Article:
in: WIREs Climate Change 12 (1), article e678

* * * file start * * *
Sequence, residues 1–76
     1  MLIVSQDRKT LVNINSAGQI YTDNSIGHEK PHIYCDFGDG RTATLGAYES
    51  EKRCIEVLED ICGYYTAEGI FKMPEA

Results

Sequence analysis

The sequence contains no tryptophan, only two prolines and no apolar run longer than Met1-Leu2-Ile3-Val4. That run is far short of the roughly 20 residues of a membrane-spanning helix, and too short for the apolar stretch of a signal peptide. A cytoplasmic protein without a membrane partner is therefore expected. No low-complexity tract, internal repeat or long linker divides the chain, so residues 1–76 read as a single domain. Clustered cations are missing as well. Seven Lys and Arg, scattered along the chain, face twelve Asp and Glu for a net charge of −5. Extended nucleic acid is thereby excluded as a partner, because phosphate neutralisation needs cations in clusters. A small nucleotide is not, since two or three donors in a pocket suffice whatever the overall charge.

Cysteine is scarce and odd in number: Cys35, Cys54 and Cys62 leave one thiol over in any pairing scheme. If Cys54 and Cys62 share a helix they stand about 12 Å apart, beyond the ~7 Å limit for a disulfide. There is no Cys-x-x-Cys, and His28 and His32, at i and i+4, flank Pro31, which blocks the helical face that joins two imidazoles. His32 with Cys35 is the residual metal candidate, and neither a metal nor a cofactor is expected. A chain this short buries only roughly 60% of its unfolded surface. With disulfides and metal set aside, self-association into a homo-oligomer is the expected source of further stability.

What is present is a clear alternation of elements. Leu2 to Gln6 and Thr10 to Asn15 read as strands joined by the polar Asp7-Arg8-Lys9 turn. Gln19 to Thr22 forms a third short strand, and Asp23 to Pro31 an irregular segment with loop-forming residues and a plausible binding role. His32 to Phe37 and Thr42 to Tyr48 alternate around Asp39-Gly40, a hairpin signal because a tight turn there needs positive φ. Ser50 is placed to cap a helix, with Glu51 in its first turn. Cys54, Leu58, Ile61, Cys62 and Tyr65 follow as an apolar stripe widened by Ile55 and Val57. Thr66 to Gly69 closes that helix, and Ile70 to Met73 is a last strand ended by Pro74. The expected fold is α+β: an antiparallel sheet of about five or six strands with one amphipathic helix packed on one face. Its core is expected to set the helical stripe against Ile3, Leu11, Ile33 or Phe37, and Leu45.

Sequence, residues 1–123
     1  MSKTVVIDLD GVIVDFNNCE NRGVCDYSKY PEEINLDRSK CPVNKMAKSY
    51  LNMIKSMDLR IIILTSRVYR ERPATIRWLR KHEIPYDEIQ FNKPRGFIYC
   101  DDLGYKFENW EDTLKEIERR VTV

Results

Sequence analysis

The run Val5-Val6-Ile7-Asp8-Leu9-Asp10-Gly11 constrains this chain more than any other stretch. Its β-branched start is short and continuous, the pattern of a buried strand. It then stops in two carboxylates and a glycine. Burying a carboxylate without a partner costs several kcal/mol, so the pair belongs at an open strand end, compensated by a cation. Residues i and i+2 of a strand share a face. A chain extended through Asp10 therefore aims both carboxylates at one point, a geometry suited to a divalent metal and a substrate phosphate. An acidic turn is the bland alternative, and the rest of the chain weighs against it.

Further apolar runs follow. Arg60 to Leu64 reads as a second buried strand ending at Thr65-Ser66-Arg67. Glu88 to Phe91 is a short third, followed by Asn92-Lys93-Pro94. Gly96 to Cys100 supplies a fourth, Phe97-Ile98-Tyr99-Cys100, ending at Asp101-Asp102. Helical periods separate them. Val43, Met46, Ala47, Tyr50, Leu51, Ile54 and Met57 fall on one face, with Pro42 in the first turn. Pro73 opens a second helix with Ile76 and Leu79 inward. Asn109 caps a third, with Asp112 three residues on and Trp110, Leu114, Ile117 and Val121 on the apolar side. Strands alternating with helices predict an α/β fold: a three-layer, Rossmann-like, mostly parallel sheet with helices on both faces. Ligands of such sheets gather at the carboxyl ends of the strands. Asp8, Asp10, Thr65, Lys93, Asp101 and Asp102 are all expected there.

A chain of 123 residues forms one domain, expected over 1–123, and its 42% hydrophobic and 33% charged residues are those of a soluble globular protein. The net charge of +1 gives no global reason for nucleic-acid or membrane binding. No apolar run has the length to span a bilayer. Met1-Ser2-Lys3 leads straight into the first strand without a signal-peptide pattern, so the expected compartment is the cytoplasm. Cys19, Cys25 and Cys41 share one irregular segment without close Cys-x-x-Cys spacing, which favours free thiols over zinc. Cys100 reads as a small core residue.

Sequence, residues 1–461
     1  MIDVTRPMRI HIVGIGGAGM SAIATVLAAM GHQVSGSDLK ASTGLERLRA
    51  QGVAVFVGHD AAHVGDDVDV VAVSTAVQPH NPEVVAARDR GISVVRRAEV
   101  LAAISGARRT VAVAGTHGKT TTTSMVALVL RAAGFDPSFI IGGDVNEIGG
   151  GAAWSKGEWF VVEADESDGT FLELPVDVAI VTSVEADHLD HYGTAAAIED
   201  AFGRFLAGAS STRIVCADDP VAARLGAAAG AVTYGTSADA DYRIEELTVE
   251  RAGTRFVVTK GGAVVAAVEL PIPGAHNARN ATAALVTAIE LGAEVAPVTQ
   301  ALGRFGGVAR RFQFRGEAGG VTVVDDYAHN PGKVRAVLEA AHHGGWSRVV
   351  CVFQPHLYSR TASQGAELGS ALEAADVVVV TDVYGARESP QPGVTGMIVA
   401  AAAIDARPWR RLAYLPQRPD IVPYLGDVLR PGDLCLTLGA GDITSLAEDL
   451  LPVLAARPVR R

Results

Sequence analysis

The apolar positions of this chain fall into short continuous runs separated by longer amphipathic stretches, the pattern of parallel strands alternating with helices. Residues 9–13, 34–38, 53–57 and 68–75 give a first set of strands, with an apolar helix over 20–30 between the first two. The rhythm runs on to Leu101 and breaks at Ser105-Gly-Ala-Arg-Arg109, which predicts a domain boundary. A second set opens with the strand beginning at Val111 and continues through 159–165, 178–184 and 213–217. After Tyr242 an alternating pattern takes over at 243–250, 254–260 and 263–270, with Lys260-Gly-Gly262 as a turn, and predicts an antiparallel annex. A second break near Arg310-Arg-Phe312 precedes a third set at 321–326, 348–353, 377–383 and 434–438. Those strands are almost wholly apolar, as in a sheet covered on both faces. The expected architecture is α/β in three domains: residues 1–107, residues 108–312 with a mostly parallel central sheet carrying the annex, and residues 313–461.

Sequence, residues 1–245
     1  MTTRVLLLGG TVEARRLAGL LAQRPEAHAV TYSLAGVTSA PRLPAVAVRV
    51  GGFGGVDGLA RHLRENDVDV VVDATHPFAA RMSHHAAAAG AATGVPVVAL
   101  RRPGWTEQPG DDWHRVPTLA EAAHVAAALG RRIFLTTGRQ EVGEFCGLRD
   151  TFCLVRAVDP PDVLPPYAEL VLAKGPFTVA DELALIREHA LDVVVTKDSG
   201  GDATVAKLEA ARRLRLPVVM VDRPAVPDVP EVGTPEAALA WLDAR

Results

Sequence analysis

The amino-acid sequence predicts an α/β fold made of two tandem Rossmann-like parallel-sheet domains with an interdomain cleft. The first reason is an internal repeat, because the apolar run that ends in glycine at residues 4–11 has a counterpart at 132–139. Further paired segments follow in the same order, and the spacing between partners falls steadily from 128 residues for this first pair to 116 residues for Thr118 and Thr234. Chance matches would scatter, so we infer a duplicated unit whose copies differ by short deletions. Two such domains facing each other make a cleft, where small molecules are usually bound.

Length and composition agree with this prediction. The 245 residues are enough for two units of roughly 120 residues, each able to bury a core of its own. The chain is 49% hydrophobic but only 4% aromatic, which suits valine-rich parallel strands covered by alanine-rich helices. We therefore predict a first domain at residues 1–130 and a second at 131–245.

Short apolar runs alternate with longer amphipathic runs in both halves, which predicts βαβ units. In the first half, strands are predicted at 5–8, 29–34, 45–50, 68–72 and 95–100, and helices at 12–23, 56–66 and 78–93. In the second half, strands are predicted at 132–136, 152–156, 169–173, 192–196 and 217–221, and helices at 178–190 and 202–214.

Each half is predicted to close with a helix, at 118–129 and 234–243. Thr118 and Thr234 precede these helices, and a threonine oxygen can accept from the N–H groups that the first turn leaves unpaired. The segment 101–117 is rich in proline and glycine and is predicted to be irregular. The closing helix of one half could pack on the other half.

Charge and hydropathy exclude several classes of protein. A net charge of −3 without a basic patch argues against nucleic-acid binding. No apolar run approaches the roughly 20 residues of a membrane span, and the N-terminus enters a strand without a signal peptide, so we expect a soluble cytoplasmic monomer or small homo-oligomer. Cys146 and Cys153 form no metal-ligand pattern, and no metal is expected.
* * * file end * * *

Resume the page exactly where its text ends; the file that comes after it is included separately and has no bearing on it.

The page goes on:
The transition to a low-carbon economy will entail a large-scale structural change. Some industries will have to expand their relative economic weight, while other industries, especially those directly linked to fossil fuel production and consumption, will have to decline. Such a systemic shift may have major repercussions on the stability of financial systems, via abrupt asset revaluations, defaults on debt, and the creation of bubbles in rising industries. Studies on previous industrial transitions have shed light on the financial transition risks originating from rapidly rising “sunrise” industries. In contrast, a similar conceptual understanding of risks from declining “sunset” industries is currently lacking. We substantiate this claim with a critical review of the conceptual and historical literature, which also shows that most literature either examines structural change in the real economy, or risks to financial stability but rarely both together. We contribute to filling this research gap by developing a consistent theoretical framework of the drivers, transmission channels, and impacts of the phase-out of carbon-intensive industries on the financial system and on the feedback from the financial system into the rest of the economy. We also review the state of play of policy aiming to protect the financial system from transition risks and spell out research implications.